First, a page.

You can always do more than the minimum standard, Marcus says, but you should never do less. Establish that minimum — that investment you’re going to make every month, no matter what — and then stick to it. 

Let it be a part of who you are. 

During the good times, you can afford to over-invest

Should you invest in marketing when times are good? Yes. In fact, you should over-invest.

When times are tight, you’re watching every dollar. When times are good, you have more money to play with. That’s not to say you should be careless or wasteful — just that you have the freedom to over-invest and explore different opportunities.

Maybe there’s marketing software you’ve been planning to get. Or a new piece of equipment. Or a new hire you’ve hoped to bring on. You can better afford to do these things when business is booming. That way, if you begin to struggle, those new elements are already a part of your business. 

For example, investing in HubSpot is one of the soundest decisions a business leader can make.

HubSpot provides incredible efficiency, and it gives you the data you need to make better decisions. But it’s not free. You have to pay monthly for the service. (Note: There is a free version of HubSpot, but it’s pretty limited.) 

If your business is in a tough spot, you’re unlikely to find the cash to start investing, but, if times are good, you might have the money available.

Smart investments will pay dividends. Heck, the investing you do today might even prevent you from suffering during the next downturn.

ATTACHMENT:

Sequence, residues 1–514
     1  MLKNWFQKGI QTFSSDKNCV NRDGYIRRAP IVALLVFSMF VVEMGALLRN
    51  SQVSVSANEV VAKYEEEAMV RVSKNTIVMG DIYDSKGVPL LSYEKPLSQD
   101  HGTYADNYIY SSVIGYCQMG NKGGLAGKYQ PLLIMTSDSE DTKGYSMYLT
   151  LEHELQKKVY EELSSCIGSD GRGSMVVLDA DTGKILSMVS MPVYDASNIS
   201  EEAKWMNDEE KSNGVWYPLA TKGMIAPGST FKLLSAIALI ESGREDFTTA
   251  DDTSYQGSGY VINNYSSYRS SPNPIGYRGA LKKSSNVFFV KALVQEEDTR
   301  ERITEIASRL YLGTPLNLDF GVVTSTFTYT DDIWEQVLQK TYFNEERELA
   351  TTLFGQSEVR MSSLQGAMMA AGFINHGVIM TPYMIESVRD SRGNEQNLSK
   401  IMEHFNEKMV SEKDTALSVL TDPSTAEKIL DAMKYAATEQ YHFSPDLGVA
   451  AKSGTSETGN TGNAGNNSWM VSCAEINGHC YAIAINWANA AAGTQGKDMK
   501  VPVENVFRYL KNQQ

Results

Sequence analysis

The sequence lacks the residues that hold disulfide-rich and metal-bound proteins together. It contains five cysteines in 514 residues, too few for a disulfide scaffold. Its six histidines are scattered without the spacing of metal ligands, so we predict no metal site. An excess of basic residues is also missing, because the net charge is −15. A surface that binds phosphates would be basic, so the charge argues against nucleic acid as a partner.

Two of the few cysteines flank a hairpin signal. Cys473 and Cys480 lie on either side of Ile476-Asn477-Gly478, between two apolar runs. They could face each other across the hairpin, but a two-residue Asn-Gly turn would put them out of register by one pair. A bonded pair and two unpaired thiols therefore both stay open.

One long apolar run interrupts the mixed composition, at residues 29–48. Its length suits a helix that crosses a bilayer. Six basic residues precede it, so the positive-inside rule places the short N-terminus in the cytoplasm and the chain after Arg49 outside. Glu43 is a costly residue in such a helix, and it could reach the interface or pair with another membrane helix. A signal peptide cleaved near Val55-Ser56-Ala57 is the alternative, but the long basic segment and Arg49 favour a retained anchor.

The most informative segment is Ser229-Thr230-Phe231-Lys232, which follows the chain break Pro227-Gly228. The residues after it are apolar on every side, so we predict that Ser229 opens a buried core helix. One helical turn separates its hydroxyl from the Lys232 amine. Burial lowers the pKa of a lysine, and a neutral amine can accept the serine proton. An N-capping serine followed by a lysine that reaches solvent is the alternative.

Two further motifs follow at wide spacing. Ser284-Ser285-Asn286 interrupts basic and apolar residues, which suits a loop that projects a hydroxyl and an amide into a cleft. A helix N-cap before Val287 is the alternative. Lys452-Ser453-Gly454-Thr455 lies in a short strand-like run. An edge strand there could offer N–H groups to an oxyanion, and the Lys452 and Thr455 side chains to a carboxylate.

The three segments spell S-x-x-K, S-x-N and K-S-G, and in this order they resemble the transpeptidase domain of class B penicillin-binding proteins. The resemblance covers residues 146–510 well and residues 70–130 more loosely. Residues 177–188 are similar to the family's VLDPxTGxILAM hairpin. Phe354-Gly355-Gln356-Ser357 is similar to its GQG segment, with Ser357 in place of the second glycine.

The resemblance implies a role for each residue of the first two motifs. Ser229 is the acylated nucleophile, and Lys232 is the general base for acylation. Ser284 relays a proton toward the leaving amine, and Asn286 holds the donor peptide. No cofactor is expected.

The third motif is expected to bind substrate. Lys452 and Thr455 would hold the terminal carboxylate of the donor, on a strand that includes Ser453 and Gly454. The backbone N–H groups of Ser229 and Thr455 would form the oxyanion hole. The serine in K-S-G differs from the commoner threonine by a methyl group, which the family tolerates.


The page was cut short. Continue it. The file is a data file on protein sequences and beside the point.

Marketing is a commitment to your business’s future

When Marcus went all-in on the framework now known as They Ask, You Answer, he was a struggling business owner trying to ride out the Great Recession.

He committed to writing three inbound marketing articles each week, no matter what. After all, his back was up against the wall — and he was fighting to save his business.

Now, more than 15 years later, River Pools is still publishing two or three articles each week, 52 weeks a year. 

Today, River Pools is a franchise with 26 locations in 18 states. Its website is the most trafficked pool website in the world. But that success has not led to complacency.

Every week, Marcus’ team is turning out new content to answer customer questions and re-establishing River Pools as the go-to source for buyer education in the industry.

Historian Mark Pendergrast once reported that Coke (as in Coca-Cola) is “the second best-known word on Earth, after ‘OK.’” Still, Coke spends about $4 billion per year on marketing

Why? Because marketing is an investment in the future. 

It’s easy, when times are good, to assume that you’ve built momentum that will carry on forever. But thousands of businesses fail each year for this reason. They never made the initial investment necessary to reap the long-term benefits.

If you want a prosperous future, you need to plant the seeds today.

To learn more about how IMPACT helps businesses build a recession-proof future, talk to one of our advisors.